SALT LAKE CITY — The guilty verdict handed down to Derek Chauvin Tuesday has many members of Utah’s Black community feeling like justice was served.
“It felt like no matter what, there was never going to be justice done to help Black people feel whole in this country,” said community activist Darlene McDonald.
McDonald also serves as a member of the Salt Lake City Racial Equity in Policing Commission. She agonized waiting for the verdict to be read.
“I called three people. I said, ‘I am not ok. I am shaking. I am scared. I am in tears,’” McDonald said.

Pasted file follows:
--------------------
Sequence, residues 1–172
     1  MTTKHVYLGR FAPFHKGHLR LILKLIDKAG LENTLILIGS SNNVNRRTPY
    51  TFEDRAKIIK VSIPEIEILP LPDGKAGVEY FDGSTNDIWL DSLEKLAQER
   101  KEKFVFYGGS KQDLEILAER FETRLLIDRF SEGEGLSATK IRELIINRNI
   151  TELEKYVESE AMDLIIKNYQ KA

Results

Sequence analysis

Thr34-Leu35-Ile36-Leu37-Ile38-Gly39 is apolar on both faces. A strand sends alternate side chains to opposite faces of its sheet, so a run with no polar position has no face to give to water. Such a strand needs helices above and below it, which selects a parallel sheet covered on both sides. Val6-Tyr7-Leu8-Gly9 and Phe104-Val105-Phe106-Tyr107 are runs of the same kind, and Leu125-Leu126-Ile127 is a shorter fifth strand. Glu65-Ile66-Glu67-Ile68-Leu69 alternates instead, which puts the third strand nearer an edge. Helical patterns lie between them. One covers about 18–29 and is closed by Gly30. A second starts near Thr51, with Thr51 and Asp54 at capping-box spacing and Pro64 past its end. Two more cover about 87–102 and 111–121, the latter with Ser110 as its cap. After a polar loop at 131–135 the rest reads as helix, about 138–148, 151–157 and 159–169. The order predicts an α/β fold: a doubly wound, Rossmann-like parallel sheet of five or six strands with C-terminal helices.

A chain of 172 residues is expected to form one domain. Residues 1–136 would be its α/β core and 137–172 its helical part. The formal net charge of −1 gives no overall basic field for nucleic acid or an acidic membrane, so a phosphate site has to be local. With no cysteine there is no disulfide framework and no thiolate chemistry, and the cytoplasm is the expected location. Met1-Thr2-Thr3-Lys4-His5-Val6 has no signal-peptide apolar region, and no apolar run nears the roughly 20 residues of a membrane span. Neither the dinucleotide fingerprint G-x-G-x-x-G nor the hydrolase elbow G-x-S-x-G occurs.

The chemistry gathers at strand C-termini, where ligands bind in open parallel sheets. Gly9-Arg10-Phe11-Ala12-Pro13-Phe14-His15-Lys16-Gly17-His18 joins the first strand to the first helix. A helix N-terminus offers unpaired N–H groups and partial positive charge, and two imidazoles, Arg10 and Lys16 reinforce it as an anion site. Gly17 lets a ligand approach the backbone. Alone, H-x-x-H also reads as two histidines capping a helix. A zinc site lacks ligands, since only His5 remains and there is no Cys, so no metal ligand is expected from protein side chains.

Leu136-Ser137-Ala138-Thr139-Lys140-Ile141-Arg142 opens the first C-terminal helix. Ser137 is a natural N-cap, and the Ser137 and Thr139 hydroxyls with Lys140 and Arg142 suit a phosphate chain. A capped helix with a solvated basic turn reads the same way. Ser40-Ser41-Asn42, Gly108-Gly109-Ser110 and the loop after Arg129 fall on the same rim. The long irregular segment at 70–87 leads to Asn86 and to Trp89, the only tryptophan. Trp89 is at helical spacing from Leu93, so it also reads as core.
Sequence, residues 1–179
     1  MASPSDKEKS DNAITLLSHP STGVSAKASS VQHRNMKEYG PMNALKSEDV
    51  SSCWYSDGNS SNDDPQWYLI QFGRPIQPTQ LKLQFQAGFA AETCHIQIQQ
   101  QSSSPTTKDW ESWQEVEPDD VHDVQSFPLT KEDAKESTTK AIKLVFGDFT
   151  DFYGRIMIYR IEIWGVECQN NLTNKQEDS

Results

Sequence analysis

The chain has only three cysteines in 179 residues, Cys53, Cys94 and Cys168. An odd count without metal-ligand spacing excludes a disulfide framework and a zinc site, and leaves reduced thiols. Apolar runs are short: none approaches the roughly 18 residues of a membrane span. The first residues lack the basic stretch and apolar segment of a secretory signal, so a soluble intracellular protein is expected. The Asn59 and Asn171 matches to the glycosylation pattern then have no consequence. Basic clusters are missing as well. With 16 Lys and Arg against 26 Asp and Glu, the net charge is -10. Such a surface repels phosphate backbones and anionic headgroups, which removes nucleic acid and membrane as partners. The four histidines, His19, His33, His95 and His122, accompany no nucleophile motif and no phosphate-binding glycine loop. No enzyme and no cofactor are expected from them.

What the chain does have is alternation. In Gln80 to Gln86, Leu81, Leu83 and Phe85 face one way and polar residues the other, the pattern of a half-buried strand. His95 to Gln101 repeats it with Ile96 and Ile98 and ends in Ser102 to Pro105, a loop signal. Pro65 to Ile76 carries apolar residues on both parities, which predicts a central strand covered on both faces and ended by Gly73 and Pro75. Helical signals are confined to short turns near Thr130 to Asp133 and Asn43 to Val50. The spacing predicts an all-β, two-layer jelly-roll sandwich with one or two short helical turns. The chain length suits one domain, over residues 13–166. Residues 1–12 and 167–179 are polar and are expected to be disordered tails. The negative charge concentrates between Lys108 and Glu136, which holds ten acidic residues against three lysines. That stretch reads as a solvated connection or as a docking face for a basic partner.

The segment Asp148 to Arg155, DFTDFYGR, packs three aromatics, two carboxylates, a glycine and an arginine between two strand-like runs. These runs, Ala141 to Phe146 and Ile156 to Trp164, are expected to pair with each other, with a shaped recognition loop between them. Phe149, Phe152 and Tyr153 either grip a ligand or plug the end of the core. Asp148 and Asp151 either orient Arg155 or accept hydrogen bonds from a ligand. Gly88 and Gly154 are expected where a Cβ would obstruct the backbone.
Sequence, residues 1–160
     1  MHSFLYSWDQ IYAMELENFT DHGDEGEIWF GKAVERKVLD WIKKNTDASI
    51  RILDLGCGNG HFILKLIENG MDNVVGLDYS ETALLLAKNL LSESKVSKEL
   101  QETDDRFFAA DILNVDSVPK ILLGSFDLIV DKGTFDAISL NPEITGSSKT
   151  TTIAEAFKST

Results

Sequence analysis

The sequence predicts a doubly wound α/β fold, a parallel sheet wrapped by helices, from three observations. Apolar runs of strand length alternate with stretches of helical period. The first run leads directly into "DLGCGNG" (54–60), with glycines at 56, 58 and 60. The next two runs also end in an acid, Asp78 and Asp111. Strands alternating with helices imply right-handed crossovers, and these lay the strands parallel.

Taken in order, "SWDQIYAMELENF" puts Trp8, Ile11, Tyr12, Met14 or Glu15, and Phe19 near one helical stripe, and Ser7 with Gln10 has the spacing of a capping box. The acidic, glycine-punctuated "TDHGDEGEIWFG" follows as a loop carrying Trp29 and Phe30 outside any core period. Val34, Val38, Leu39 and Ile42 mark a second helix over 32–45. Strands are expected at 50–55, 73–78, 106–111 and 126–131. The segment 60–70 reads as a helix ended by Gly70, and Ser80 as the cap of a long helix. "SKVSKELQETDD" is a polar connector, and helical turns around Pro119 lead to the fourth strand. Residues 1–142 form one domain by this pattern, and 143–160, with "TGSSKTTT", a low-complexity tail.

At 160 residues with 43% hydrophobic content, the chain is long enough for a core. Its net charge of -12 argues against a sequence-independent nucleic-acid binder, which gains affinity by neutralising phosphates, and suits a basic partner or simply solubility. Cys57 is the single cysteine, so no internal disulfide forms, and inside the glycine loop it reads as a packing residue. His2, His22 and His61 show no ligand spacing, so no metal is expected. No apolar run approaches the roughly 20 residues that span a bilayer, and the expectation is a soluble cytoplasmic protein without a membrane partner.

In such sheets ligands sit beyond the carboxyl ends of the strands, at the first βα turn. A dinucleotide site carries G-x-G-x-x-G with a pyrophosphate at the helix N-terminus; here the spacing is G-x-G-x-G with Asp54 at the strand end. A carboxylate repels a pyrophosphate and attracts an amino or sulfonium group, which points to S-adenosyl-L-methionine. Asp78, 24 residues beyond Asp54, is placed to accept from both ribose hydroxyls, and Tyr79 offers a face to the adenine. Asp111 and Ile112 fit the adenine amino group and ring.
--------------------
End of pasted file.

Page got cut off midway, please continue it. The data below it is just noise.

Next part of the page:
When she heard the word “guilty” read three times, she felt a flood of emotions.
“I screamed. It was a moment of joy of justice,” McDonald said.
The verdict brought many people to the mural of George Floyd located on 800 South and 300 West in Salt Lake City.
Many gathered to pay their respects and reflect on a verdict they see as a step of progress in holding those in authority accountable.
“We watched a man die. We watched a man die,” McDonald said. “We can say his life mattered. His life mattered. That’s what it meant.”